Use a Compose Sequence to Specify an X Keysym
You can use a compose sequence to map any Unicode character to an X Keysym. For example, suppose that your X client requires the pi symbol (π) that you don't have on your keyboard. You can map one of your function keys (such as F11) to send it.
To map the unshifted F11 to send the pi (π) X Keysym
- In X Manager or X Manager for Domains on a Windows machine, click Tools > Keyboard Maps.
- For Select Keyboard Map, select an editable keyboard map.
Note: The default keyboard maps are not editable. Click Clone to create a new custom keyboard map based on an existing keyboard map.
- Use the Map Key tab (displayed by default).
- In the list of Explicitly mapped keys on the left side of the tab, under Key, select F11. (As an alternative, you can click the + sign in Explicitly mapped keys to open the Add or Find Key dialog box. With your cursor in the Press a key field, press F11, then click OK.)
- With the F11 key selected, click the first Change Mapped X Keysym button (next to the Unshifted key description).
- In the Change Mapped X Keysym dialog box, specify the pi symbol. Although this is not a physical key on your keyboard, you can use a compose key sequence to specify it.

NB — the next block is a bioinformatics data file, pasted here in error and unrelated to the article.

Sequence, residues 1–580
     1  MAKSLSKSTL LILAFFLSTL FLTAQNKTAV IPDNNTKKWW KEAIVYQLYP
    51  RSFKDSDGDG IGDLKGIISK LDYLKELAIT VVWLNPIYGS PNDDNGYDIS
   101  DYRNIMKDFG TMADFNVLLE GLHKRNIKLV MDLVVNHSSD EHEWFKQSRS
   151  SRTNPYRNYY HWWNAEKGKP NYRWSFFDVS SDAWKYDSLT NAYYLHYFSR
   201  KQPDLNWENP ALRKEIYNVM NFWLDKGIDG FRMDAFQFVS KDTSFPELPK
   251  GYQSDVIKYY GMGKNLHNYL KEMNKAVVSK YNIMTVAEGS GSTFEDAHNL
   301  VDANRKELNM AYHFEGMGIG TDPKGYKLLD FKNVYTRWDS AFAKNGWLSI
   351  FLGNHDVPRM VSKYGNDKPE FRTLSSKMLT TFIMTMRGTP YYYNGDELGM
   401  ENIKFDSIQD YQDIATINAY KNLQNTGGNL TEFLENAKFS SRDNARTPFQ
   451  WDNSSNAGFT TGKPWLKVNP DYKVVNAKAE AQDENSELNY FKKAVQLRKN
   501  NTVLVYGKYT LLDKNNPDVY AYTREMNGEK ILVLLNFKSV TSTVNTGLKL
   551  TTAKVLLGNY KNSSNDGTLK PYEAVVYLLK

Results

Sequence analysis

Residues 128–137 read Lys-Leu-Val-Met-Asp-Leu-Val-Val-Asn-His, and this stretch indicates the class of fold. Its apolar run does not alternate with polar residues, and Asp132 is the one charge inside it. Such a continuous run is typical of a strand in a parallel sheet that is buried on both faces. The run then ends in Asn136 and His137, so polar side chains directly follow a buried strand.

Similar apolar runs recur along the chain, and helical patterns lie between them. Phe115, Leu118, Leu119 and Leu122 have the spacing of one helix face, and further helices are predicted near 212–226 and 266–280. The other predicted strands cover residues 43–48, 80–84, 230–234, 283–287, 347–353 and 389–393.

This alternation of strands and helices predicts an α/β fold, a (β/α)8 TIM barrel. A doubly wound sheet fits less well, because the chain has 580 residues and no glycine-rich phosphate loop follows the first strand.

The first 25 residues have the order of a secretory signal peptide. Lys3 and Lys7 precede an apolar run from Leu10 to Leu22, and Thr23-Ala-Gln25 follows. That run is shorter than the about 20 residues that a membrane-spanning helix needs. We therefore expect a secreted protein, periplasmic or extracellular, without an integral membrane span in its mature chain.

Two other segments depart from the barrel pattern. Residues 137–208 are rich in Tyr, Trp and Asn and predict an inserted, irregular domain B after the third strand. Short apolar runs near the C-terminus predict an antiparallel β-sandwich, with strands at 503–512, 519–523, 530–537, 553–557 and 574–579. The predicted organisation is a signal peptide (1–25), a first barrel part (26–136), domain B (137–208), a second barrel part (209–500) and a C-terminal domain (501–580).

To locate the correct X Keysym using a compose sequence:
- Position your cursor in the Press a key to locate corresponding X Keysym field.
- Hold down the Alt key, then enter 227 on the numeric keypad. (This is the Windows value for composing pi; other platforms have similar compose key options.) Release the Alt key, and the X Keysym name Greek_pi is displayed.
- Click OK.
- The Map Keys tab now shows that the F11 key is mapped to the Greek_pi.
- When you explicitly map a key as described here, you do not need to add it to the list of supported characters on the Characters tab.
- Reflection X domain administrators can also configure Keyboard Maps from the Domain Definitions tab.